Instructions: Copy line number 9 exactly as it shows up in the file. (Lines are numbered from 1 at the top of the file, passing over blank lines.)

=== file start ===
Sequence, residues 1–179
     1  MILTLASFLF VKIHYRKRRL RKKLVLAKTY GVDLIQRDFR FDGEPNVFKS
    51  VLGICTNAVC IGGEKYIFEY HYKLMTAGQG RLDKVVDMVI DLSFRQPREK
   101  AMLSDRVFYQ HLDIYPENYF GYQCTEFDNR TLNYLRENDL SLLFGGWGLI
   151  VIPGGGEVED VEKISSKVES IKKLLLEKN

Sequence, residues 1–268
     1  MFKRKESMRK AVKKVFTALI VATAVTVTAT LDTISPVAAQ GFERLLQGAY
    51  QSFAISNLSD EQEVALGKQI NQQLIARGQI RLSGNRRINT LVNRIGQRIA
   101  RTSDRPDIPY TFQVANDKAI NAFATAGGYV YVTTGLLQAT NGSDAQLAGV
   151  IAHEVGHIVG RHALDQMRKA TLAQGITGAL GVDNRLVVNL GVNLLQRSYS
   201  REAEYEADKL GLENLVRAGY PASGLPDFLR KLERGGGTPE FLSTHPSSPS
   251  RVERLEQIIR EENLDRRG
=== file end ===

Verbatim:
   101  RTSDRPDIPY TFQVANDKAI NAFATAGGYV YVTTGLLQAT NGSDAQLAGV